However hard to accept, God has His own plans and Jesus will return one day to pronounce judgement.

Jesus knew people could fall away and give in when things appeared to be going wrong for them. It still happens and we can be very cruel within the Church sometimes by careless talk but on other occasions deliberately. I had a lady in my Church who worked very hard for the Church and demonstrated her faith in a very practical way. She trained to be a Reader, was PCC Secretary, and if anyone fell ill was the first to offer practical assistance to help them through their illness. What you might say ‘an ideal Christian’.

Sadly, a new Vicar had a wife who was intensely jealous that some other woman could be more popular than her that she made life intolerable for her, causing my friend to leave the Church and fall away for a time. I am delighted to hear she has now returned. There can be no justification for animosity within a Church,.

If you have felt disappointed, or feel no one cares for you remember this passage, knowing there will be judgment one day and all who do goodness will be welcomed into His Kingdom.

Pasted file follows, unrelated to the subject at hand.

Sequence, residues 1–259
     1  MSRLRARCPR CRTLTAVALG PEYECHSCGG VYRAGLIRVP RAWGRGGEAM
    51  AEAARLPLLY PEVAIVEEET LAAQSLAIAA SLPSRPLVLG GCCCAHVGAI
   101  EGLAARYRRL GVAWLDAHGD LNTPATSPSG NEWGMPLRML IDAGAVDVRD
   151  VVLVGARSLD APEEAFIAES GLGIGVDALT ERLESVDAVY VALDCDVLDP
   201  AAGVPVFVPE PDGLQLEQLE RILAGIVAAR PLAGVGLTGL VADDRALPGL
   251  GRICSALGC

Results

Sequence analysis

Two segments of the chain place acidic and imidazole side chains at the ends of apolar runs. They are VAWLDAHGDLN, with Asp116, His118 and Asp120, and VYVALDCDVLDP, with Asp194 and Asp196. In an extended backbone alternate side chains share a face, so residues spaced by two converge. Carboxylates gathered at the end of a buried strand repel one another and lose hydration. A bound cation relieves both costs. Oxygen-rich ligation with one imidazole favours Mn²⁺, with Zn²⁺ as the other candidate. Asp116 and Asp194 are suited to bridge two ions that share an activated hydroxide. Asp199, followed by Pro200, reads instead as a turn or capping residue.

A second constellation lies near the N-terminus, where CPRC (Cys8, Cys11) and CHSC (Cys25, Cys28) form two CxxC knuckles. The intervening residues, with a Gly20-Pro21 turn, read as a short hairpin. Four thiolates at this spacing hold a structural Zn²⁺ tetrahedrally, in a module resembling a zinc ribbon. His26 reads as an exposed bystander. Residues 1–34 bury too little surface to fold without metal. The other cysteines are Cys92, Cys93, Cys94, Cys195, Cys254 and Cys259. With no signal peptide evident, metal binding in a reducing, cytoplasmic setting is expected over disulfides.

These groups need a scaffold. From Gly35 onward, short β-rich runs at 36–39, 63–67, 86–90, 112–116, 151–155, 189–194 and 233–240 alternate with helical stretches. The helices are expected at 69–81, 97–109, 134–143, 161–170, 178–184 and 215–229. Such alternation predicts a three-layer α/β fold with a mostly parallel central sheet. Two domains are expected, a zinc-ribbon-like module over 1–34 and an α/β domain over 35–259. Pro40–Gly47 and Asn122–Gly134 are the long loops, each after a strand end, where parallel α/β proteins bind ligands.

There comes times of suffering and weakness in all our lives. We may suffer loss, or have some seemingly impossible matter to deal with. It is so easy to give in, but if you do give in, it can be so hard to get back.

There are so many ill minded people who long to destroy our faith, some within positions of influence in society, and too many politicians who want to take Christianity out of the public domain; their words may appear attractive when you are downcast. If you have trusted God and for some reason nothing has happened, your faith will be under severe attack.

John acts as a warning to us, but he came out of his difficulty. You too can. Think of that great hymn by Ray Palmer, ‘my faith looks up to thee.’ Above all, never let doubt lead you to a spiritual desert. It is sad when someone loses their faith, and like many Ministers I have seen it too often. You may think it can’t happen to you, but it can.

Be sure to be at Church on Sunday(s). God bless you.

My faith looks up to Thee,
Thou Lamb of Calvary, Saviour divine!
Now hear me while I pray, take all my guilt away,
O let me from this day be wholly Thine!
May Thy rich grace impart
Strength to my fainting heart, my zeal inspire!
As Thou hast died for me, O may my love to Thee,
Pure warm, and changeless be, a living fire!

While life’s dark maze I tread,
And griefs around me spread, be Thou my guide;
Bid darkness turn to day, wipe sorrow’s tears away,
Nor let me ever stray from Thee aside.

When ends life’s transient dream,
When death’s cold sullen stream over me roll;
Blest Savior, then in love, fear and distrust remove;
O bear me safe above, a ransomed soul!

No comments:

Post a Comment